This person-shaped void has become very important to me. I realized that there is only one person to whom I can safely say things like, “I need you to never leave me. I need you to love me completely, to the exclusion of all other things.” Though those are feelings we deserve and need to have at some point in our lives – ideally when we’re growing – they’re not sentiments that can be safely addressed by an adult to another adult. No other person can or should be the source of all your joy, or self-worth, or drive. So if you need to be loved like that, but no adult can responsibly promise you that they will forever… can you make that promise to yourself?

I was unable to come up with a reason why I couldn’t, so I did. I’ve promised plenty of young guys and girls that I’d love them forever, never leave them, sacrifice all for them. Why should that promise be any harder or less important to make to myself, when I’m the only one in the world who literally can’t leave me?

I can’t leave me, but I can ignore and punish myself. I can fail to love myself. I can fail to sacrifice my momentary comfort and security for the long-term good of the person I’m supposed to take care of. That’s neglect when a parent does it to their child… so it’s neglect when I do it to myself.

Imagining myself as this other person, this star-filled void, makes it a little easier. I imagine vague, bright arms around my shoulders, warmth against my body. I feel the deep love and commitment I make to others and try to imagine this void, myself, feeling that way about me. I know exactly what it should feel like, right? I know I’m capable of it. So to imagine it, in this context, is to create it.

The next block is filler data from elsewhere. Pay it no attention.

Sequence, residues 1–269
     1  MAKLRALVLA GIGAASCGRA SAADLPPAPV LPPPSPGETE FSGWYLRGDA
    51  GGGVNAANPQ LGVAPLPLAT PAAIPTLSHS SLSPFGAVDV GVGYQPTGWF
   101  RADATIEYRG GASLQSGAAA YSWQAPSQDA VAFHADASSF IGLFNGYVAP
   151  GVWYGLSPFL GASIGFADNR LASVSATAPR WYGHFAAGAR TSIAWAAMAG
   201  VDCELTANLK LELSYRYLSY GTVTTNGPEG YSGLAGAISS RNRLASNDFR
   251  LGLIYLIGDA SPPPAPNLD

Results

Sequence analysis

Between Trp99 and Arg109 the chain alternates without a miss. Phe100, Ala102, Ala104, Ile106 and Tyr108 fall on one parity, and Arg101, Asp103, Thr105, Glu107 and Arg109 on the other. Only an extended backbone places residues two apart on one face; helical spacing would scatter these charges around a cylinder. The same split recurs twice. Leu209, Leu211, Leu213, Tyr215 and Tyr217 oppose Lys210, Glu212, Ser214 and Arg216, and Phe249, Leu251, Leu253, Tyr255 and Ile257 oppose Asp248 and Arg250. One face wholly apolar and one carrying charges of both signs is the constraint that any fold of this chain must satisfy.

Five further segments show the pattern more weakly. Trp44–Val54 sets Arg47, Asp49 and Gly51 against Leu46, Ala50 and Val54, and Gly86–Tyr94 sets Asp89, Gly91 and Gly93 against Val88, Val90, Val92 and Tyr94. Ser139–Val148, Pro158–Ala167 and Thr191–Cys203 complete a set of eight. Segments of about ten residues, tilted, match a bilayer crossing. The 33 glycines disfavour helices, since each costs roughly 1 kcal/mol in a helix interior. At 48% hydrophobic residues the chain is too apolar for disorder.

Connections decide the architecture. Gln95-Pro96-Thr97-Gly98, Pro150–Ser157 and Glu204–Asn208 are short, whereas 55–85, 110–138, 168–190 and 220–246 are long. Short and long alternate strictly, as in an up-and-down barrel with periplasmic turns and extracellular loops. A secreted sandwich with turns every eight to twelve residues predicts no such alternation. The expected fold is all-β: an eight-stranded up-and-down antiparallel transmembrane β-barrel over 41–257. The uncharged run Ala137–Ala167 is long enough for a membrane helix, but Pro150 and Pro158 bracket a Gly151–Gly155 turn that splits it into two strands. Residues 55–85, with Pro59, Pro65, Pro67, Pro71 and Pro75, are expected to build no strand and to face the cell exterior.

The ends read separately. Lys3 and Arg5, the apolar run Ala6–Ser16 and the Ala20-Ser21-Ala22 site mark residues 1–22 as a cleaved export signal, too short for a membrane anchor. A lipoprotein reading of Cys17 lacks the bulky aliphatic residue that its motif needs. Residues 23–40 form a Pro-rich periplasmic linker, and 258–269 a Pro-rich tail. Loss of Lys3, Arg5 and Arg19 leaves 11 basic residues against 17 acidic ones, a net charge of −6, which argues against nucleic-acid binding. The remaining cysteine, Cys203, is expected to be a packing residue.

We talk about self-worth, love, belief in ourselves, like those things are rare treasures buried underground somewhere, that we could find if we were only brave, diligent, strong enough. It’s not like that. You have love, belief, esteem. You know you do. You apply them to others all the time. All you have to do is try to apply them to yourself. No matter how stupid it feels.

Turn up your favorite love song, and imagine your own face as hard as you can. Imagine singing that song to yourself, the passionate feelings you’d have if you sang it to another person, but with your actions, your life, YOU in mind. This is easy to do when you’re alone – put on headphones and let yourself mouth the words, let yourself cry if you feel like crying. It’s good for you. Do this over and over until it no longer makes you cry, no longer makes you feel silly. Then pick another song, another tender ballad or sweet jam about someone with your hair color, and do it again.